A warning before I begin: I’m probably freaking out too much.
I’ve always been a little too concerned with my future. A little too anxious to be a grown-up, with a grown-up job and a grown-up apartment. I’ve always wanted to have my own little routine, to make dinner in my own little kitchen, to vacuum my own little hardwood floors. As I got older, I realized that I would actually need to pay for all of these things, in some way or another. Still, even as that reality sinks in a little more with every year, I look forward to complete independence, to adult responsibility, to organizing bills and accounts and ducks into a row.
Is that weird?
Anyway, as I already mentioned, the reality of life outside of my parent’s house, outside of my college dormitory, is starting to really sink in. I’m realizing how little I know and understand about the things that I am going to have to do all by myself one day. Like, what is a mortgage? How about escrow? What the heck is that? It’s definitely not a variation of escarole. I already figured that one out on my own.
There’s already a lot of uncertainty, and I’m only twenty years old. In a year and a half, I’ll have graduated college, with a liberal arts degree in writing. I know what I want to do with that, but it’s no secret that becoming a successful television writer/novelist is exceptionally challenging.
And I feel like “I’m only twenty years old” isn’t even an excuse anymore. There are so many incredible youths out there nowadays, making waves. It’s really putting on the pressure.
Whenever I read about someone who I go to school with getting published, I have a moment of pride for my super cool peers, and then a (longer) moment of petty envy. I’ll probably do some online stalking to determine if they’re older or younger than me. If they’re older, all pettiness will disintegrate for hope: I have time! If they’re younger, well, let’s just say I’ll probably go on a crazed LinkedIn connection-making spree (which of course isn’t as productive as actually sending my work out to publishers).
Of course, there’s also the age-old question, often spoken or thought with a great tremor—is this my peak? What if I just become less talented, less marketable, less everything after this point?
Imagine me with a ruler and a piece of graph paper. Slowly, but steadily, a perfectly straight line edges up, up, up, but as soon as the pencil hits my twentieth year on the x-axis, the ruler flips 180 degrees to form a lopsided triangle. There it is. My peak. But even with the visual, it’s not about a peak, or having hit my peak, or not having hit my peak yet. It’s not about that at all.
It’s about being good enough. Every point on that line, I would have questioned if I were good enough. I would hold the graph paper out in front of my eyes so I could see the whole picture at once, and my eyes would find the highest point, the peak, and I would still think, “Was I good enough, there? At my peak?”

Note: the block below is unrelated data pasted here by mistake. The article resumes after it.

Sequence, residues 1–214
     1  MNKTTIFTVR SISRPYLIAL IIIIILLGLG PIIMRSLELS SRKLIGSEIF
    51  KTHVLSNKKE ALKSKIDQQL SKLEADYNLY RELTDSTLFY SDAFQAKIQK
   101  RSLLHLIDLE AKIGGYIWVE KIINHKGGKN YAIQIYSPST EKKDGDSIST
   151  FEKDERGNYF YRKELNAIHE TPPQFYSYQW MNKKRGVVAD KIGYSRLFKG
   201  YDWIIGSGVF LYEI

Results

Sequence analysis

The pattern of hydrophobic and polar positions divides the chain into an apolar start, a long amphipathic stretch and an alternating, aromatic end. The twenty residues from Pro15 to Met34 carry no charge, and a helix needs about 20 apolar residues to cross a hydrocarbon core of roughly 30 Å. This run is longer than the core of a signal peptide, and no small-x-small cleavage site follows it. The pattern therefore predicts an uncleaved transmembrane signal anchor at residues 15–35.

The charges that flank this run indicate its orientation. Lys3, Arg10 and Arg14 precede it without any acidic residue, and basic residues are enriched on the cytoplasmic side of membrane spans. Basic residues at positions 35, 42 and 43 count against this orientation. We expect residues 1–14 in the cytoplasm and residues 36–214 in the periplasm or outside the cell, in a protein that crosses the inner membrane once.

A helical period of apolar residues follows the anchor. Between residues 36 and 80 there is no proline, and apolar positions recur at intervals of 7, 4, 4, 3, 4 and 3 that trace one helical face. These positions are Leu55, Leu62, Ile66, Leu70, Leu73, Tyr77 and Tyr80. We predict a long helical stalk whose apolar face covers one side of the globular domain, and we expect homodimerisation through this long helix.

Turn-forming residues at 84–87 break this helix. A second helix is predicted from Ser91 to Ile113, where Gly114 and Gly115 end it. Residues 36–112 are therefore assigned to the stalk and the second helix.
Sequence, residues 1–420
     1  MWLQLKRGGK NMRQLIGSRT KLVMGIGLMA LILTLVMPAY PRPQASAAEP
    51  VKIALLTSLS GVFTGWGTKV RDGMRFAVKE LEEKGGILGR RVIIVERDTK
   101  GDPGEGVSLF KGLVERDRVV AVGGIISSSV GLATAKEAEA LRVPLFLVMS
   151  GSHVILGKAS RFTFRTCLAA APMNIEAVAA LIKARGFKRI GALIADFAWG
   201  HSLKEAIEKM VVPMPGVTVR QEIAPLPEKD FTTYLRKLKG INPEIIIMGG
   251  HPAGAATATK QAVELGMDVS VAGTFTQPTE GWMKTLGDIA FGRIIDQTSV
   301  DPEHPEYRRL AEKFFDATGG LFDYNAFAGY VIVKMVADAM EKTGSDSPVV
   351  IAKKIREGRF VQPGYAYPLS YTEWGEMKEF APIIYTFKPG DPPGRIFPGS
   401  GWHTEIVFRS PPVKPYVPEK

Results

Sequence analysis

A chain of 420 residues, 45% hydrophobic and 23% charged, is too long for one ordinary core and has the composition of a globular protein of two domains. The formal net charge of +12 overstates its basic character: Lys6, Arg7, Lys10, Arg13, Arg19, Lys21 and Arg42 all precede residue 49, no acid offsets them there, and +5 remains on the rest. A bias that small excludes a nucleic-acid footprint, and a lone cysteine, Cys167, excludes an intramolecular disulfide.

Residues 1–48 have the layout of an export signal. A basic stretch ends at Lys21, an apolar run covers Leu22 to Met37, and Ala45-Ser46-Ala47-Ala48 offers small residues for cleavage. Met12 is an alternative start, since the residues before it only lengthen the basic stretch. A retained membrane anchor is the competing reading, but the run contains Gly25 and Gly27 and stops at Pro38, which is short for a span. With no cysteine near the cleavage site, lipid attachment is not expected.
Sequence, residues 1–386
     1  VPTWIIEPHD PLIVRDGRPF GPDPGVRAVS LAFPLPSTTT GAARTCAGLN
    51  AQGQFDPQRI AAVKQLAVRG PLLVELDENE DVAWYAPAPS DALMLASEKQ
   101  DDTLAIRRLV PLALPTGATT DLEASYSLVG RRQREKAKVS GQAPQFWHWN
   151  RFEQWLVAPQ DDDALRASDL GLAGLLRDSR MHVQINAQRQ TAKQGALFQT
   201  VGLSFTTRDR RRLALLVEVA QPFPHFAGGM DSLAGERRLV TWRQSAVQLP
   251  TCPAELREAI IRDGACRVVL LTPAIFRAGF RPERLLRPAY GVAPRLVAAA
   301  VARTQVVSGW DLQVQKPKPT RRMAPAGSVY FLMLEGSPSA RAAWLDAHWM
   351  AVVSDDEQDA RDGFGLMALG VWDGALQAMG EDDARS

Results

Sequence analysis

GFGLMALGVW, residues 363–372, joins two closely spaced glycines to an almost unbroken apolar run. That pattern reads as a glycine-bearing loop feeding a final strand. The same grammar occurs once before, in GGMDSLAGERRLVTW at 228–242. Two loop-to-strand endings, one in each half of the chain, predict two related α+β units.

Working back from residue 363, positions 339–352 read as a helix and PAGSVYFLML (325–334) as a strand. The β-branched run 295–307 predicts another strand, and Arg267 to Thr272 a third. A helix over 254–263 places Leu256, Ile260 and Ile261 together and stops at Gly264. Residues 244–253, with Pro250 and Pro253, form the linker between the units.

How do I overcome this? I know that I must. But that’s as far as I’ve gotten.
I know that, once I overcome this, I will send my work out to publishers, for the task will no longer seem quite as daunting. I will write cover letters and do internship after internship. I will introduce myself to the most powerful person in the room as though I deserve to shake her hand. I will never question if I belong somewhere. I will enter through a threshold, unsure of what lies beyond it, and yet still think that I belong there. I will see myself through the eyes of the people who love me the most, instead of the people who appreciate me the least.
When I used to envision myself as an adult, puttering about my charmingly eclectic and historic antebellum apartment, these weren’t the concerns I thought I’d have. Actually, the fantasy never involved any worries or problems. That’s what makes it a fantasy, I guess.
So, yeah, I’m freaking out. In my worst moments, I’m Girl Unpublished. Girl Unsuccessful. Girl Undeserving. But I’m working on it. I’m working on stopping the ruler from turning 180 degrees. I’m working on not getting in the way of that straight line as it goes higher and higher.
Because, really, it’s not anyone else making me feel not good enough. As unbelievable as it sounds to even me, especially me, I choose to feel that way (to an extent—I don’t want to feel not good enough, but I’m the only person who can control feeling that way or not). It’s just like how the most arrogant person in the world chooses to feel like he’s the best, and it’s definitely not because the rest of the world thinks he’s the best (I’m alluding to a certain public figure here).
Well, it’s true sometimes that other people help to make you feel really crappy, like those people who get published at the ripe old age of thirteen, or even the people you love when they do something disappointing. It totally sucks. But it doesn’t have to mean anything about you personally. It’s only as significant as the value you give it. Do with that what you will. I’ll just keep repeating it over and over in my head till I really believe it.
Student. Writer. Everything-o-phile.